Brazilian society was already one of the most unequal in the world before the pandemic, and that inequality has amplified the vulnerability of poor and marginalized communities. As in similarly unequal societies, poverty and (lack of) access to health care have been major factors in the course of the pandemic, and very often it is children who are among the most vulnerable.
A study of 5,857 Covid-19 patients under the age of 20, carried out by Brazilian paediatricians led by Dr Braian Sousa from the São Paolo school of medicine, identified both comorbidities and socioeconomic vulnerabilities as risk factors for the worst outcome of COVID-19 in children.
In the Brazilian context, the most vulnerable are black children, and those from very poor families, as they have the greatest difficulty accessing help, and consequently are the most at risk of death. Moreover, the crowded housing conditions in which most poor people live make it impossible to socially distance when infected. Poor communities typically lack access to adequate sanitation facilities, let alone intensive care health services, further worsening their prospects.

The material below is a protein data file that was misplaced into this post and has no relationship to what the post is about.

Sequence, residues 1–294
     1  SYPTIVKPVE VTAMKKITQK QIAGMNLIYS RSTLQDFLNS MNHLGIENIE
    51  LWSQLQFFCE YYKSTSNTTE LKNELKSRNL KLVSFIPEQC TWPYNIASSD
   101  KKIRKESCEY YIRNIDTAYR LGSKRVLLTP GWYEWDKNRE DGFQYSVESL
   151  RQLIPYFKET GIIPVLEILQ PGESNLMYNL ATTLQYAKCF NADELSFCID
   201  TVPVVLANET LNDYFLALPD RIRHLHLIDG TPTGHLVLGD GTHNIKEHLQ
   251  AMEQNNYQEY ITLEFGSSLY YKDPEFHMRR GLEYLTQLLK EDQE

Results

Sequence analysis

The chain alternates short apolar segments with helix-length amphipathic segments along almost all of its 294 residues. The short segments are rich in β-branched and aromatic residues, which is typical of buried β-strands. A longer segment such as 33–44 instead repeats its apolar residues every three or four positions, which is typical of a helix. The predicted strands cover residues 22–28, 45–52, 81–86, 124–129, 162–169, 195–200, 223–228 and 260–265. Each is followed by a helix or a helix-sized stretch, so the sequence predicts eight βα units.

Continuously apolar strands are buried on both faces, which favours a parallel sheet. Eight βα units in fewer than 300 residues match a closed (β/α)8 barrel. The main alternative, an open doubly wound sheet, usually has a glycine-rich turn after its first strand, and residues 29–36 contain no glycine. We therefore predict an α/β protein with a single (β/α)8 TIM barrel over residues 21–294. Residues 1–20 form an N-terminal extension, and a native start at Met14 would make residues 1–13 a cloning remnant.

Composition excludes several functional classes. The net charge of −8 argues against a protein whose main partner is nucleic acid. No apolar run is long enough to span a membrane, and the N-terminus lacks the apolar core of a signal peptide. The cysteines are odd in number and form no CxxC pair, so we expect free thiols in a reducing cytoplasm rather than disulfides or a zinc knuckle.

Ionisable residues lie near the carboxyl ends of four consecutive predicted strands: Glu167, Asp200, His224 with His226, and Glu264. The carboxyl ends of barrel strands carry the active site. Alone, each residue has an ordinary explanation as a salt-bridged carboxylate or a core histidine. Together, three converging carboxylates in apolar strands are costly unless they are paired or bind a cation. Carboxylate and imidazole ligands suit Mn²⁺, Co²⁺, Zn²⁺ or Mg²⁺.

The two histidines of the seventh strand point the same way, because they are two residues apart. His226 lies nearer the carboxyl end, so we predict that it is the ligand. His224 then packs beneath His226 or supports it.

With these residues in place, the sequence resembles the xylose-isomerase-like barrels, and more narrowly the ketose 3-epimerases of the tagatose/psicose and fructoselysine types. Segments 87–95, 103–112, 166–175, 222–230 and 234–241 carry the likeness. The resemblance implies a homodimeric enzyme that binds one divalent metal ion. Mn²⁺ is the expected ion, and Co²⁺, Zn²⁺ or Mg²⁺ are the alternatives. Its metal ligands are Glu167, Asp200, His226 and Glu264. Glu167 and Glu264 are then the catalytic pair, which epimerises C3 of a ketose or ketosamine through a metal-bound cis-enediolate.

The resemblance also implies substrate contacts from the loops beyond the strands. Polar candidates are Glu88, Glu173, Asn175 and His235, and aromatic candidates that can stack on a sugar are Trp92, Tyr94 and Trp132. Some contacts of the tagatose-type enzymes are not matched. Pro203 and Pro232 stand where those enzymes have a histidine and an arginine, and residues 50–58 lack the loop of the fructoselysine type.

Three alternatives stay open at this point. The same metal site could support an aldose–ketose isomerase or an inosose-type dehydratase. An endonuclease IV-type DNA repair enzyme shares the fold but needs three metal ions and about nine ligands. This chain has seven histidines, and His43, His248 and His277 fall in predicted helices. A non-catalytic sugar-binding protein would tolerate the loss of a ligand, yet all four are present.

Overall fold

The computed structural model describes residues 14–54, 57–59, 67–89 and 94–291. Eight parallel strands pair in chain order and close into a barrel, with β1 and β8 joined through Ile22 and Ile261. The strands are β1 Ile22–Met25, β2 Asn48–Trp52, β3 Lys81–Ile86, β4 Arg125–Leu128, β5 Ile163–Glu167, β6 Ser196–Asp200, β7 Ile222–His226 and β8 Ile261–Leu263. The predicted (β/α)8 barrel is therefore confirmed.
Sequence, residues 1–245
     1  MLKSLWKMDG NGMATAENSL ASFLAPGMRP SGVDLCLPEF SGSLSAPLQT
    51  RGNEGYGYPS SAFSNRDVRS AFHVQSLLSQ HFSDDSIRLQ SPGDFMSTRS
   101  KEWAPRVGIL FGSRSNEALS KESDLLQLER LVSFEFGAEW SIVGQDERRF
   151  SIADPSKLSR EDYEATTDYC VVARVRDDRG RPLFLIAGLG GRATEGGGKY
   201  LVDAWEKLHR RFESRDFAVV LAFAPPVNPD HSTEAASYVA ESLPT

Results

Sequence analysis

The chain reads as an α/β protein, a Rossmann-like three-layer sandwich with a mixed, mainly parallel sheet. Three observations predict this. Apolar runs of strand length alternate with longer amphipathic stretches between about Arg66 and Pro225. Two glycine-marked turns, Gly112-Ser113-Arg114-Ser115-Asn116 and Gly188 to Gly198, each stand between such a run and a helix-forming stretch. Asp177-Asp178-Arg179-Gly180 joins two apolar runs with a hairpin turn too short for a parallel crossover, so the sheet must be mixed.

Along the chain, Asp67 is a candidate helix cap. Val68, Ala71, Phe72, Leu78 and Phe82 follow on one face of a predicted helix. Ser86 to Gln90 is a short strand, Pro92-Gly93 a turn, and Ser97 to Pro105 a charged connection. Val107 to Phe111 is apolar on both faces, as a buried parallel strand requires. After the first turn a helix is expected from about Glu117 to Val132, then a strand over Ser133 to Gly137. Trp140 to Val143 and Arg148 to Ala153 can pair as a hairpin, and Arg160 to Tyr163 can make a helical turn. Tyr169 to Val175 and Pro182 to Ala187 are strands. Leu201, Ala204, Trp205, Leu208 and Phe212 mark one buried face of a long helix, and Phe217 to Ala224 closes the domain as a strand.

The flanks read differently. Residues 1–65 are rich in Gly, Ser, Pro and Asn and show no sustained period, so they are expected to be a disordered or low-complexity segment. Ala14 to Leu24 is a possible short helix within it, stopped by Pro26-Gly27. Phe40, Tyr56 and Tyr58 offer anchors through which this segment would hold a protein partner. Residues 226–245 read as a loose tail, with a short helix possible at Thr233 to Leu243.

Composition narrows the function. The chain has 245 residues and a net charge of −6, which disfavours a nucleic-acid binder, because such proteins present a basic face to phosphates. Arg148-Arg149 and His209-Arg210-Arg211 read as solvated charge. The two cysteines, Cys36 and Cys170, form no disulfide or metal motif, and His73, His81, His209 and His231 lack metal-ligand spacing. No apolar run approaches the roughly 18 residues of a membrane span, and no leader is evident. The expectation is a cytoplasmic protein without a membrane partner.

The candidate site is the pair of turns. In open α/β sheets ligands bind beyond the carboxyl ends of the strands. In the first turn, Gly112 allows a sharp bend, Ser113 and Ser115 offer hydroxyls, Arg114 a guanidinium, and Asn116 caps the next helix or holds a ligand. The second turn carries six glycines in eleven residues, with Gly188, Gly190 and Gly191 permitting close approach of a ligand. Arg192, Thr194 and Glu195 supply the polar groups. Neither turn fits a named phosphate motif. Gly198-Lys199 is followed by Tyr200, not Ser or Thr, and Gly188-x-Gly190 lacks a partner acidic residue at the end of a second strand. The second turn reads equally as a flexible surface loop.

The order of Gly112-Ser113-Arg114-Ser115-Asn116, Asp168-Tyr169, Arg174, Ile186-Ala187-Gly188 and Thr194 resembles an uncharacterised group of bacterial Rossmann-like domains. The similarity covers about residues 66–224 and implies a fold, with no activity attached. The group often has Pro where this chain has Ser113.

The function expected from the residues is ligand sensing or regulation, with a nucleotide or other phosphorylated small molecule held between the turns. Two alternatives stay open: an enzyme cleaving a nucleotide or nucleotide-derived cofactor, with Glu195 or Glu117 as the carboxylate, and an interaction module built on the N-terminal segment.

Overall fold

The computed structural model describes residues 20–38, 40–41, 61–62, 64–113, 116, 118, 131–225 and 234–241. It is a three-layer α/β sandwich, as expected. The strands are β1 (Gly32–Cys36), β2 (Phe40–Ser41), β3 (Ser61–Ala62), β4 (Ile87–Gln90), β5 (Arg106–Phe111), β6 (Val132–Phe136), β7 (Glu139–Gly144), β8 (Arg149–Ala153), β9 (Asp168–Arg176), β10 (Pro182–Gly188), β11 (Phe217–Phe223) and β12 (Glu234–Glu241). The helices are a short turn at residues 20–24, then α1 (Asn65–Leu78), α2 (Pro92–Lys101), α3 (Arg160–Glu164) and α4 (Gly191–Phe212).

In addition, Brazil’s once envied health care system had already been severely weakened by economic austerity policies. The COVID-19 pandemic magnified the adverse impacts of the 2016 constitutional amendment that capped public expenditure in Brazil. Consequently, at the time the pandemic hit, only 10% of Brazilian municipalities had intensive care beds, and the Unified Health System did not even have half the number of hospital beds recommended by the WHO. So it is no surprise, and no accident, that this weakened public health system is buckling under the current strain.